ation to make in relation to the action of Captain Wilkes.
This was not generous conduct in a great nation towards another with which its government professed to be at amity, and which at that time (before the United States had fairly collected her armies), was struggling with many disadvantages to hold her own against the most powerful rebellion ever yet known.
Common justice should have led the English Government to extend to us the courtesy that would have been extended to France or Russia under like circumstances.
It all looked very much as if the British people were (as report stated) sympathetic with the South, and were anxious to take advantage of the opportunity and seek a quarrel with the United States, and thus secure a separation of the two sections, which would weaken both, and give to England a powerful ally that would enable her to dictate such terms to the Federal Government as would best suit her purposes.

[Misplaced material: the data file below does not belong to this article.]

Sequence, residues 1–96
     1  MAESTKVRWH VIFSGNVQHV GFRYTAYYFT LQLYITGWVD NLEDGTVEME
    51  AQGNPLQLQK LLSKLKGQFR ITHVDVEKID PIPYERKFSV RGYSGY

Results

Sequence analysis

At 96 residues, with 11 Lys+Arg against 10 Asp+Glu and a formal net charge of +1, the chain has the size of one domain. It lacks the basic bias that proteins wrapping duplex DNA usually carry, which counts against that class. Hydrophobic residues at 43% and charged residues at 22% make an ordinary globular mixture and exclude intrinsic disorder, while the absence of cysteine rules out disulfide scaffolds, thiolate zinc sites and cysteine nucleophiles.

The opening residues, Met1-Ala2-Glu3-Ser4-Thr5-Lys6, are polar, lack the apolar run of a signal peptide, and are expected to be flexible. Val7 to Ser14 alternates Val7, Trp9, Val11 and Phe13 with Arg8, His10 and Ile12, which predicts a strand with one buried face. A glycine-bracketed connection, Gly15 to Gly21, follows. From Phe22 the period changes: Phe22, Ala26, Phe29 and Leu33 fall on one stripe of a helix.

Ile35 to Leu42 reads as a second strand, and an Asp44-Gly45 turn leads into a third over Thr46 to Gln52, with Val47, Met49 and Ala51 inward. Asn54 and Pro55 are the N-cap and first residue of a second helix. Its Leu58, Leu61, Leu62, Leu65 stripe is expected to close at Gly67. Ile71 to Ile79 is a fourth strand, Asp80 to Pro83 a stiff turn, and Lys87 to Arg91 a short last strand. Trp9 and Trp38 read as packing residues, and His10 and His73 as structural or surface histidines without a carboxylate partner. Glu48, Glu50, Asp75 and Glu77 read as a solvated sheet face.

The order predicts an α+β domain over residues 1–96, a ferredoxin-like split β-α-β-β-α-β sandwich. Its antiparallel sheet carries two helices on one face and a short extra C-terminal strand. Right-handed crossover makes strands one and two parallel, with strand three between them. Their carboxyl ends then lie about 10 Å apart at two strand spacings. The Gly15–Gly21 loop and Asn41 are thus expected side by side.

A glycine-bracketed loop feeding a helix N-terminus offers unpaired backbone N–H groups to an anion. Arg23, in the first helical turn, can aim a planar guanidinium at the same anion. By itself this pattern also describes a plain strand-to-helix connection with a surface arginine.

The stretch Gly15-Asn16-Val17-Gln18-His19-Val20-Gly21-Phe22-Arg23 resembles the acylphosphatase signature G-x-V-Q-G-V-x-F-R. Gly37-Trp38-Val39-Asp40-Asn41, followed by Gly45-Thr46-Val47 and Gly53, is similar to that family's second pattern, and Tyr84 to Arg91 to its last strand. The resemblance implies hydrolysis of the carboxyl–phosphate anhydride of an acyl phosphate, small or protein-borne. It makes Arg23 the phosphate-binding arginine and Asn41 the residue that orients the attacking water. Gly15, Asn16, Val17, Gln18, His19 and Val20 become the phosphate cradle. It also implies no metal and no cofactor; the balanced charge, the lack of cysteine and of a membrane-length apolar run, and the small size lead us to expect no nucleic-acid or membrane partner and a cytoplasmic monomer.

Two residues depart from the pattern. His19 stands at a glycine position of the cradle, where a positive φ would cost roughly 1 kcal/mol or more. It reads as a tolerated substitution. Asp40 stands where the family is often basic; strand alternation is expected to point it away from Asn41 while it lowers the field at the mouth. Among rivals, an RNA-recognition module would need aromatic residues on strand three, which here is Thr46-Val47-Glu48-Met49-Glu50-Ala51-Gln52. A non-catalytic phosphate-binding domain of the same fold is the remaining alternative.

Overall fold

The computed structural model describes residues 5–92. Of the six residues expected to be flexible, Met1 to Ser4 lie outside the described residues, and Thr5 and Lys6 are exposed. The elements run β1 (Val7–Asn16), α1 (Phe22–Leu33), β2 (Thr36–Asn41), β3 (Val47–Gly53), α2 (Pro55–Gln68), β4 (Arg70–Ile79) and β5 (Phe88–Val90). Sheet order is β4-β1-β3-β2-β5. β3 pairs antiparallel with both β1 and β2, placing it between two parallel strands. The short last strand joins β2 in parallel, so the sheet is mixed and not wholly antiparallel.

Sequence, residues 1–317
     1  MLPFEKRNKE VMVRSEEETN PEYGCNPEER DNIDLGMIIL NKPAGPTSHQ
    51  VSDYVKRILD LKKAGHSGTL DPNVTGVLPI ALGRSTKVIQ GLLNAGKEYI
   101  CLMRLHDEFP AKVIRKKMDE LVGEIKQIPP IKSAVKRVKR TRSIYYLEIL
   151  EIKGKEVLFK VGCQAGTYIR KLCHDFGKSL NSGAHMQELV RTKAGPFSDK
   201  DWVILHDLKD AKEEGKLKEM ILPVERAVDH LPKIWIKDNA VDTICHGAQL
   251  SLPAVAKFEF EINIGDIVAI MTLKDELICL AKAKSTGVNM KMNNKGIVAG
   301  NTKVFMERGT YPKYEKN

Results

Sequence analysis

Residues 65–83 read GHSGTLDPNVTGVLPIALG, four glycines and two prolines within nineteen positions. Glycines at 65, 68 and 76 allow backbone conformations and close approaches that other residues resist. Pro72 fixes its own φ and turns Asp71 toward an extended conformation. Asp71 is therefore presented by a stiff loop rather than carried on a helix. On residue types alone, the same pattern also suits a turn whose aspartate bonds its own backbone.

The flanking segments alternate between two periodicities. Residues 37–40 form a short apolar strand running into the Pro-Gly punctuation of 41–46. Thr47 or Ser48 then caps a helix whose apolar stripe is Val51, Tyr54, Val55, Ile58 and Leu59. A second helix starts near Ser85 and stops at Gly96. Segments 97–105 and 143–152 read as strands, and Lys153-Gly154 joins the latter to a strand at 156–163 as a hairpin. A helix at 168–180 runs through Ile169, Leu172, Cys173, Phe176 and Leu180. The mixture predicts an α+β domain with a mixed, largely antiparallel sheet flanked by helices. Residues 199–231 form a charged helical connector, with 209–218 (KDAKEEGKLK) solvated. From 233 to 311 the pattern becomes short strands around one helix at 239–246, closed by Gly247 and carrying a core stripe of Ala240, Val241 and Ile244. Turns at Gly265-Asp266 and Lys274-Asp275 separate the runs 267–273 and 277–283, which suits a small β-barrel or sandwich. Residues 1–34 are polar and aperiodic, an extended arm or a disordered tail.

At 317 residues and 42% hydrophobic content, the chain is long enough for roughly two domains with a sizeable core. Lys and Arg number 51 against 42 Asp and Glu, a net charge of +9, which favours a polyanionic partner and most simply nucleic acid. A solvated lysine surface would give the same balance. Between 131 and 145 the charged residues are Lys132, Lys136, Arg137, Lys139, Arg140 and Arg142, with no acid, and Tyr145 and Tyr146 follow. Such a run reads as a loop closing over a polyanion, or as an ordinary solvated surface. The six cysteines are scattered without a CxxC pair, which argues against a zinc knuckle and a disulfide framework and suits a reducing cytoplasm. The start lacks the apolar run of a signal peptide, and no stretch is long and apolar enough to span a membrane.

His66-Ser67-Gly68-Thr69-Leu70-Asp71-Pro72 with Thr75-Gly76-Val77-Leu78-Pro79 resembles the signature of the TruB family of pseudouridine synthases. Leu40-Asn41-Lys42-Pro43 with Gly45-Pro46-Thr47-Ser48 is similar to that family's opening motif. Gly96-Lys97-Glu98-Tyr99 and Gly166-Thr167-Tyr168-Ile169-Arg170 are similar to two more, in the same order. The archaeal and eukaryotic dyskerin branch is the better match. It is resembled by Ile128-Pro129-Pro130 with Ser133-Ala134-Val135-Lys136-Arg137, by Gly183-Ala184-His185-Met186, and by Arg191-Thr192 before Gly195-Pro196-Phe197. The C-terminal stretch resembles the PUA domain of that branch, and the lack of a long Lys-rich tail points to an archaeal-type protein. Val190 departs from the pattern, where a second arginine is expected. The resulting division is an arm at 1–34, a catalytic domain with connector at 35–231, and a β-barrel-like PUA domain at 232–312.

The first step taken by the British Ministry was a d